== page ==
Outside Lviv, several hours after the morning morning strike of several missiles, which, according to the mayor, hit the repair room of military aircraft near the city’s international airport, also damaged the bus repair shop, for several hours there was black smoke. The victims were not immediately reported. The facility was suspended before the attack, Mayor Andrei Sadovy told Telegram.
A soldier standing guard near the scene said about 6 a.m. he heard three explosions soon. A resident nearby said his building was vibrating with explosions and panic.
The missiles that hit Lviv were launched from the Black Sea, but two of the six were shot down, the Western Command of the Ukrainian Air Force said on Facebook.
Not far from the Polish border and far beyond the front line, Lviv and its environs were not without Russian attacks. At worst, nearly three dozen people were killed last weekend as a result of a strike on a training base near the city. Meanwhile, Lviv’s population has increased by about 200,000 as people from other Ukrainian countries seek refuge there.
On the northern outskirts of Kiev also collapsed early in the morning. At least one person was killed in a shelling of the Hem, a district north of the center of Kiev, emergency services said. It was not immediately known what was the result of the bombing.
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Hospitals, schools and buildings where people sought safety from bombings were attacked throughout the city outside the city around Ukraine. Rescuers were searching for survivors in the ruins of the theater, which served as a shelter when it was destroyed by a Russian air strike in the besieged city of Mariupol in the south. And in Merefe, near the northeastern city of Kharkiv, at least 21 people were killed when Russian artillery destroyed a school and community center, a local official said.
Dozens of bodies were taken to the morgue in the northern city of Chernihiv in just one day.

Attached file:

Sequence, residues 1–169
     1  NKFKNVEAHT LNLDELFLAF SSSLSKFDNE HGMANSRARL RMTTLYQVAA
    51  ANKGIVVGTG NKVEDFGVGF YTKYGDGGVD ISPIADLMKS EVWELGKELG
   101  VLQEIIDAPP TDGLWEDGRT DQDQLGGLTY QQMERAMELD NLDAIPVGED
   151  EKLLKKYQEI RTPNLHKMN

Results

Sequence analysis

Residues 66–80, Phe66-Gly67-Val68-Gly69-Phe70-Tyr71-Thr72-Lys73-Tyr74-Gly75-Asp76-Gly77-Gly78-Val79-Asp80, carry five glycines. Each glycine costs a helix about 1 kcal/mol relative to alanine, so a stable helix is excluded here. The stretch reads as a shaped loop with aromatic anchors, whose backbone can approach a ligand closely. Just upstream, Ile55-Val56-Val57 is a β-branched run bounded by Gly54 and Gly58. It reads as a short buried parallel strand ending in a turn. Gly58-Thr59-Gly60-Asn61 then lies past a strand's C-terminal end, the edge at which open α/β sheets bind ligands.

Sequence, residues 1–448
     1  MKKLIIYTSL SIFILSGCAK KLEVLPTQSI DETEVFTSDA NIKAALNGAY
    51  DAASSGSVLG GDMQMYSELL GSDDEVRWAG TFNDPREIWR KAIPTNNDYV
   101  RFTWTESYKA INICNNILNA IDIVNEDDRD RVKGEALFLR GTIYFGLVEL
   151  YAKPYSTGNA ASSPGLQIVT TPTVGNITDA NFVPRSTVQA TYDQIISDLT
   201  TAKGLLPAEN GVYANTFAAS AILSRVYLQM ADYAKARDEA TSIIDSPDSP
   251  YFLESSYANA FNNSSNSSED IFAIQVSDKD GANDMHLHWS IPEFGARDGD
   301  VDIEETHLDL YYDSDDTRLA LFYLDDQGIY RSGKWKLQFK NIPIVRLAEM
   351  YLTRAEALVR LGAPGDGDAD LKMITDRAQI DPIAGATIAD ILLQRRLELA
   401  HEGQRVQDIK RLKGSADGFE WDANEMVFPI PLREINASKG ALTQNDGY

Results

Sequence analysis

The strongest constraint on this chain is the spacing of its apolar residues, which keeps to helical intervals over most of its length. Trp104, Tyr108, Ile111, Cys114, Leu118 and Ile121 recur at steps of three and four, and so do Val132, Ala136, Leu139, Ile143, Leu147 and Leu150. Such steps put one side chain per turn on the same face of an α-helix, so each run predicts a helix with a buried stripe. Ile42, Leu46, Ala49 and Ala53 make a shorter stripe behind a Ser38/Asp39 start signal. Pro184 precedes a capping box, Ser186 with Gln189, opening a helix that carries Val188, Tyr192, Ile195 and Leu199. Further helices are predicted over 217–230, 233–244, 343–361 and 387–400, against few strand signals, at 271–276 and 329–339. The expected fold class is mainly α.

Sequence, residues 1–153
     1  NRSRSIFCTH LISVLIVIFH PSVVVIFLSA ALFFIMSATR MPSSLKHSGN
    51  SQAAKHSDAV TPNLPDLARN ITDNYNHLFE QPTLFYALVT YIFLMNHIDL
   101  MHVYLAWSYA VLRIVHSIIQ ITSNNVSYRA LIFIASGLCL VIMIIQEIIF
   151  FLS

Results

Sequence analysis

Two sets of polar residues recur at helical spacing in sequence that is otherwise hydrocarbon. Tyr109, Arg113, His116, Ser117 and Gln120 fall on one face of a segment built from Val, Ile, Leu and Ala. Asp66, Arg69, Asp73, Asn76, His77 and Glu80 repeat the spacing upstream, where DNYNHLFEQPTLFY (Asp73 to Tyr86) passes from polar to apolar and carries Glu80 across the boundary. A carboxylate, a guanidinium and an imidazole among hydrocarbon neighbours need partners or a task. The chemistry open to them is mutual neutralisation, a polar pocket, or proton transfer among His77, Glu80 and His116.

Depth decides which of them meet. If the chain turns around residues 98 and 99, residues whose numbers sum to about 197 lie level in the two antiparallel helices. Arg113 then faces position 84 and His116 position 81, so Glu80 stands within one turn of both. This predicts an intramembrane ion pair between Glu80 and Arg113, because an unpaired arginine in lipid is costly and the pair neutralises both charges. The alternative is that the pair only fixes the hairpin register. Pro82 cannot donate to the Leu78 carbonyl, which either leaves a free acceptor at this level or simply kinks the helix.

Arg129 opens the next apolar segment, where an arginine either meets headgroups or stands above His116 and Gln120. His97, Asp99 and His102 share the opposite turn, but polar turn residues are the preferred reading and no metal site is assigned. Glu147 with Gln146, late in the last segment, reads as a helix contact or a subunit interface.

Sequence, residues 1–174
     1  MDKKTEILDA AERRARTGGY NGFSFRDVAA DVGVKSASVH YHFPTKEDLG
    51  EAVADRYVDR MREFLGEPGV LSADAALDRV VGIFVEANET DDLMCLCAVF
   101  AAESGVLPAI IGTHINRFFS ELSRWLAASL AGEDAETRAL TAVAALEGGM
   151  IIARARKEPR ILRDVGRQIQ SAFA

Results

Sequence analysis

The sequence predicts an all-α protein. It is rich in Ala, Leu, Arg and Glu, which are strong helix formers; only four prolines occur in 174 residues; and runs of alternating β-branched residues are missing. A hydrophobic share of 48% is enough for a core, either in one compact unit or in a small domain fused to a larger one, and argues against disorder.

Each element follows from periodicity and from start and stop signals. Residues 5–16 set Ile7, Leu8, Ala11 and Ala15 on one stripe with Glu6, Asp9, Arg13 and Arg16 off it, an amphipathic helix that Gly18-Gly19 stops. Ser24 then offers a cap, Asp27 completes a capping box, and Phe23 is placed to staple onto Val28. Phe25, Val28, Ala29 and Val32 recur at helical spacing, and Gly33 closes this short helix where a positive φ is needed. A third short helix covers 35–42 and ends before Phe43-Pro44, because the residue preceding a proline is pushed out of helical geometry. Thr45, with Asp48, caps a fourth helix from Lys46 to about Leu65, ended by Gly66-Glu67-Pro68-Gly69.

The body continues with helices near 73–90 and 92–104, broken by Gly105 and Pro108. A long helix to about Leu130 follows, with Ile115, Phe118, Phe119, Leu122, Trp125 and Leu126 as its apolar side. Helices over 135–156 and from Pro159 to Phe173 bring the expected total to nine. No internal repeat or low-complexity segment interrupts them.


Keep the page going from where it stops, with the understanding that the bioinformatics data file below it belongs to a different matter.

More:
U.S. Secretary of State Anthony Blinken said Thursday that U.S. officials are assessing potential war crimes and that if a deliberate attack on civilians by Russia is confirmed, it will have “massive consequences.”
The political leader of the United Nations, Deputy Secretary-General Rosemary DiCarlo, also called for an investigation into civilian casualties, reminding the UN Security Council that international humanitarian law prohibits direct attacks on civilians.
She said many of the daily attacks beating down Ukrainian cities were “reportedly indiscriminate” and involving the use of “explosive weapons with a wide range of impact”. DiCarlo said the devastation in Mariupol and Kharkiv “raises serious fears about the fate of millions of residents of Kyiv and other cities facing intensified attacks.”
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Hundreds of civilians in Mariupol are said to have taken refuge in a large theater with columns in the city center when it was hit by Russian airstrikes on Wednesday. More than a day later, there were no reports of casualties or conflicting reports as to whether anyone had come out from under the rubble. Due to shelling and other fighting, communication was disrupted.
Satellite images from Maxar Technologies on Monday showed huge white letters on the sidewalk near the theater that read “CHILDREN” in Russian – “DETI” – to warn combat aircraft about vulnerable people hiding inside.
“We hope and believe that some people who remained in the shelter under the theater were able to survive,” – told the Associated Press Peter Andrushchenko, a city official. According to him, the building had a relatively modern basement bomb shelter designed to withstand air strikes. Earlier, other officials said some people had gotten out.
Video and photos provided by the Ukrainian military show that at least the three-story building has become dilapidated, with some exterior walls collapsed.